That was the title of a People For the American Way Foundation report in 2000 documenting the appalling ways that the Bible was being taught in Florida public schools. (Actual test question: ” Why is it hard for a non-Christian to understand things about God?”) But “The Good Book Taught Wrong” would also certainly be the end result if a Texas bill to require that school districts offer Bible classes becomes law.
Under the headline “Bible Belt Refuses to Buckle under on Religious Courses,” the Family Research Council celebrates a bill introduced by Texas Rep. Warren Chisum that would require every school district in the state to offer elective high school Bible classes.
The committee considering the legislation held its hearing on the first day of Passover. A letter from People For the American Way, which testified against the legislation, spells out the myriad legal problems with the bill, including sectarian language and a failure to require or fund any teacher training, in spite of the enormous difficulties of teaching about the Bible in a constitutional manner in a public school. Without that kind of training, even in a properly designed course it’s likely some classes would be more like Sunday School than the kind of objective course required by the Supreme Court for teaching about the Bible in public schools.
In fact, a recent study by Southern Methodist University biblical studies professor Mark Chancey conducted for the Texas Freedom Network found that of 25 school districts offering Bible courses in Texas in 2005-2006, only three were doing it right. One district included Veggie Tales videos. Another included a PowerPoint presentation, “God’s Roadway For Your Life,” with slides proclaiming “Jesus Christ is the one and only way.”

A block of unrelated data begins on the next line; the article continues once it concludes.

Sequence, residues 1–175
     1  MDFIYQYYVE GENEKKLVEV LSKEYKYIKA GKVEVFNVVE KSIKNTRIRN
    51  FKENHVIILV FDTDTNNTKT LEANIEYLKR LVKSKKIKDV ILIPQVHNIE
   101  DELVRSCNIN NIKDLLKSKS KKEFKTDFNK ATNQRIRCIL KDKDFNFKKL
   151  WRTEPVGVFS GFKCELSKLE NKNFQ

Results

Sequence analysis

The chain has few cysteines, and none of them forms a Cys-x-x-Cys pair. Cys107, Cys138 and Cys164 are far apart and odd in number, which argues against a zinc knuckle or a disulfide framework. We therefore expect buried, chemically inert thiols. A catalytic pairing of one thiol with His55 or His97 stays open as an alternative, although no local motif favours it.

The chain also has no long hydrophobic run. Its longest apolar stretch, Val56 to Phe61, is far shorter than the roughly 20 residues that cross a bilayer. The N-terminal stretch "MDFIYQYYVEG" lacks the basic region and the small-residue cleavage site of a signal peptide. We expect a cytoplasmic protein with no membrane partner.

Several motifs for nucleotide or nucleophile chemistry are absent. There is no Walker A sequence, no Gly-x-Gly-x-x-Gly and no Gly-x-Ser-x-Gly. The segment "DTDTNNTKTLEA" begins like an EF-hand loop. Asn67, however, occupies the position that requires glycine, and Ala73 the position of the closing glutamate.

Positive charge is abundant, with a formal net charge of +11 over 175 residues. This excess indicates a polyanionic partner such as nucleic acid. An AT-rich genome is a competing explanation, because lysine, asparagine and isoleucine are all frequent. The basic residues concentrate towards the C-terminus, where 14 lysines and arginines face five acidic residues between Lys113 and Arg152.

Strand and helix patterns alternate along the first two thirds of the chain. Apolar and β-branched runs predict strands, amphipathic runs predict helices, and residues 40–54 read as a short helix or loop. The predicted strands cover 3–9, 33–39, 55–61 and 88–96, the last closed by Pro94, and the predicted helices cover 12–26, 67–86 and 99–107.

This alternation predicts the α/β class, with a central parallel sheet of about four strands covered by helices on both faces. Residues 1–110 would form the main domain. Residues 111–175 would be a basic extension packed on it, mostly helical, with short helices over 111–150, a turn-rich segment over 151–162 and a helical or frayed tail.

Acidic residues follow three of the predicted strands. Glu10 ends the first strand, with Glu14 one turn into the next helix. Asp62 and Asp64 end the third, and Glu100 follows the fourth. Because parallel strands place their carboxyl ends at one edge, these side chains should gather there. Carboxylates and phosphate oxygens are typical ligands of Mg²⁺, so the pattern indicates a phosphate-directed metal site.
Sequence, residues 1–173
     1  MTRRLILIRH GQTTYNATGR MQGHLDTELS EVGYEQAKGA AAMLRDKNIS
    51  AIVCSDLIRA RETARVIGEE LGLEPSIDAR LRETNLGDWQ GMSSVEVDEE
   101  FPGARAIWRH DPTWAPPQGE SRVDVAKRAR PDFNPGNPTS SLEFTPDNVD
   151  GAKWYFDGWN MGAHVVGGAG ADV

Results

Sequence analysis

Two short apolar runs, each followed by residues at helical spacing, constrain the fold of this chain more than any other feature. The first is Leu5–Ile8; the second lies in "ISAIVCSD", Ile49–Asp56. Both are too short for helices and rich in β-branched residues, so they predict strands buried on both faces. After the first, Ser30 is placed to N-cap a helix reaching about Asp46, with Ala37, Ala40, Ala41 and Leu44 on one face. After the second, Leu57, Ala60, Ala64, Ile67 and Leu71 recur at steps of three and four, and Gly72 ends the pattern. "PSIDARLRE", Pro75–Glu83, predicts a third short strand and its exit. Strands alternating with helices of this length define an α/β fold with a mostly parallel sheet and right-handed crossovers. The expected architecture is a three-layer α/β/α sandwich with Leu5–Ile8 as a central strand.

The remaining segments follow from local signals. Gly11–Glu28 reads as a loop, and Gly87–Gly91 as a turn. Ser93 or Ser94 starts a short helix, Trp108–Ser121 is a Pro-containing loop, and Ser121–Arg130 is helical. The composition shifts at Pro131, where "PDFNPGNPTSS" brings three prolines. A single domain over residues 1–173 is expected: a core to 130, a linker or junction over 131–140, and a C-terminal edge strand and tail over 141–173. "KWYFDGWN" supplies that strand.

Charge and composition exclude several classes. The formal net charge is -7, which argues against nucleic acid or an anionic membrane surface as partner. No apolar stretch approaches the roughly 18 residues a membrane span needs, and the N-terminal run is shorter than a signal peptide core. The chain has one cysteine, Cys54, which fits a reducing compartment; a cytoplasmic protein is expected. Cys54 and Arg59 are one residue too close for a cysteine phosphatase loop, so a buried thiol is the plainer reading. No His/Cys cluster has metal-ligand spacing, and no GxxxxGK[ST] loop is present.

The North Carolina-based National Council on Bible Curriculum in Public Schools exists to push this kind of legislation, and continues to falsely claim that “we’ve never been legally challenged.” In fact, a curriculum written by the NCBCPS lost a legal challenge in Florida and a number of school districts have declined proposals to adopt the NCBCPS courses when they get the facts.
Chisum’s bill would require every one of the 1,031 school districts in Texas to come up with their own classes, with the Bible – any version or translation – as the textbook. On one hand, Chisum insists that the classes would be purely secular in nature:
“We’re not going to preach the Bible, we’re going to teach the Bible and how it affects all of our writings, documents and the formation of our government,” Mr. Chisum said. “We’re taking it as a document that has historical value.”
But Chisum’s explanation for what he’s trying to achieve does imply a bit of preaching:
“I would hope that we get a better-prepared student to go out into the world and understand what they believe, … how it’s [this country] put together, why we are different from some others on this planet.”
The United States doesn’t have more resources, he said, “but we do better. A lot of it’s because of what’s written in that book, because we have a moral standard. Not everybody has a moral standard.”
Representative Leo Berman says, “Today, with Christian symbols being taken out of everything, off our county squares, manger scenes, crosses, I think it’s time that we put something back, and give kids who want to study the Old and New Testament an option on campus to actually elect that to study.”
“I don’t believe there’s such a thing as the separation of church and state. In fact, the First Amendment to the Constitution actually calls on the United States Congress to make sure, to ensure that people are allowed to practice their religion,” says Berman.
If Chisum’s bill passes, it’s likely that school officials across the state would be forced to invest scarce school district funds defending themselves from a wave of litigation that would put Rep. Berman’s theory about church-state separation to a challenging legal test.